I’m currently working on a short story about a Cuban woman in Miami who discovers that Baba Yaga, the infamous cannibal witch, has taken up residence across the street from her. The inspiration for the piece came from my own fascination with Slavic folklore and the sudden influx of Russians into Miami in the last three years. If the Russians now found Miami appealing, I thought to myself, why shouldn’t their gods and monsters develop a love for it themselves?

Because the story takes place in a major city, I should immediately have classified it as urban fantasy, but I shied away from the label. The story is about Miami and its changing demographics as much as it is about witches and firebirds, which did not seem to fit the urban fantasy formula that has become increasingly popular in the last decade.


Hotel..or palace for an alien princess, depending on your perspective

“When I first started paying attention to things like sub-genre definitions (early 1990’s), the term urban fantasy usually labeled stories in a contemporary setting with traditionally fantastical elements,” writes Carrie Vaugh in her timeline of urban fantasy. Indeed, the sub-genre was once dedicated to exploring the magic of place and in it, urban environments became characters in and of themselves. Sometimes, they were literally personified; other times, it was only the protagonist’s feelings about a city that animated it for the reader. But place was the key element to these stories–and a powerful one at that. It is Francesca Lia Block and Neil Gaiman who embody the best of this type of urban fantasy, two authors whose work I fell in love with during my teenage years.

Block’s Los Angeles is equal parts grime and glitter; it overloads the senses and intoxicates. Block’s L.A. contains “the ruins of Houdini’s magic mansion, […] stained-glass Marilyn Monroes shining in the trees, leopard-spotted cars, gardens full of pink poison oleander and the Mediterranean villa on the hill where Joni Mitchell once lived, dreaming about clouds and carousels and guarded by stone lions.” It is full of the fantastical yet wholly grounded in the real world. While she is not afraid to talk about the dire poverty faced by many there nor does she sugarcoat the extreme materialism and toxic beauty culture of the area, Block’s earliest novels are nonetheless love poems to the city of angels.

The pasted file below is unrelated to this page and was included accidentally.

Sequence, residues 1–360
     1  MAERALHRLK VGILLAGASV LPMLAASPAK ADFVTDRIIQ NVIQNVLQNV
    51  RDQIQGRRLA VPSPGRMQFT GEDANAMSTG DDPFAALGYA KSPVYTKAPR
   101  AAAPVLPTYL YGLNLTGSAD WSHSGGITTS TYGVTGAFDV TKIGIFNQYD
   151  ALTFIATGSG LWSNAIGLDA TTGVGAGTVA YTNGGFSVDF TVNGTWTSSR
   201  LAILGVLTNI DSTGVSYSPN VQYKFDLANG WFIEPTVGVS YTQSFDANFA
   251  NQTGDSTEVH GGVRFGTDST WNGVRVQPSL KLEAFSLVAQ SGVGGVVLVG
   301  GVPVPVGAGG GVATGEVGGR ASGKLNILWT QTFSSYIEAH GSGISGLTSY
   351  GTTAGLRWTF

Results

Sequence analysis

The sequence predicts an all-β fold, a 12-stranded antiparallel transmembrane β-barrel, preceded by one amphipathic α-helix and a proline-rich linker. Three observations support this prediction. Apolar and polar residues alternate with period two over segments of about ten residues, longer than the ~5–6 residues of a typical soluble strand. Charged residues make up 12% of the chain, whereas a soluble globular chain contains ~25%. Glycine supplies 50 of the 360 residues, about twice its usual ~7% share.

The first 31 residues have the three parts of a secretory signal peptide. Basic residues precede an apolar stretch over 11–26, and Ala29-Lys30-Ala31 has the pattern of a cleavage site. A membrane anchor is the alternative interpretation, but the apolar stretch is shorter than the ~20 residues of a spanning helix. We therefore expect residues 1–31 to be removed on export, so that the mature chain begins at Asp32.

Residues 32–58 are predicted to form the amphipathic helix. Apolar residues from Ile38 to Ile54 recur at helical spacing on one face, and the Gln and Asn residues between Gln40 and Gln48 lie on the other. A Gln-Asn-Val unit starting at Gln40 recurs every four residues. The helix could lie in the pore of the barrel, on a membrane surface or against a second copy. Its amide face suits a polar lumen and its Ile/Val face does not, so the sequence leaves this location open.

Gaiman’s Neverwhere is similarly an ode to London and its many conflicting identities, from ancient city to modern metropolis. “There are little pockets of old time in London, where things and places stay the same, like bubbles in amber. There’s a lot of time in London, and it has to go somewhere–it doesn’t all get used up at once,” he writes. The central idea behind Neverwhere–that there is a secret London only a few can see and interact with–makes perfect sense to anyone who has ever visited or live there. Rounding a corner can seem like time travel in a city where the past and present duel for dominance.

Magical things happen in Gaiman’s London and Block’s L.A. because they are inherently magical places, cities where the centuries brush up against each other or dreams can be fashioned out of 9.5 millimeter film. We believe angels and genies can exist in the same sphere as bankers, movie stars and shopkeepers; these ordinary people are, after all, immersed in the enchantment themselves.


Here be gods.

I would categorize myself as a student of “old school” urban fantasy and I think the sub-genre as a whole could benefit from returning to its roots by focusing more on place. What is it about this particular setting that attracted a specific subset of supernatural creatures? How has living in New York or London informed the main character’s perception of the world and of magic itself? What is it that speaks to you as the author about the city you’ve dropped your characters into? These questions, I believe, can make for a much stronger sense of place–and thus, a much stronger story.

Marian Rosarum: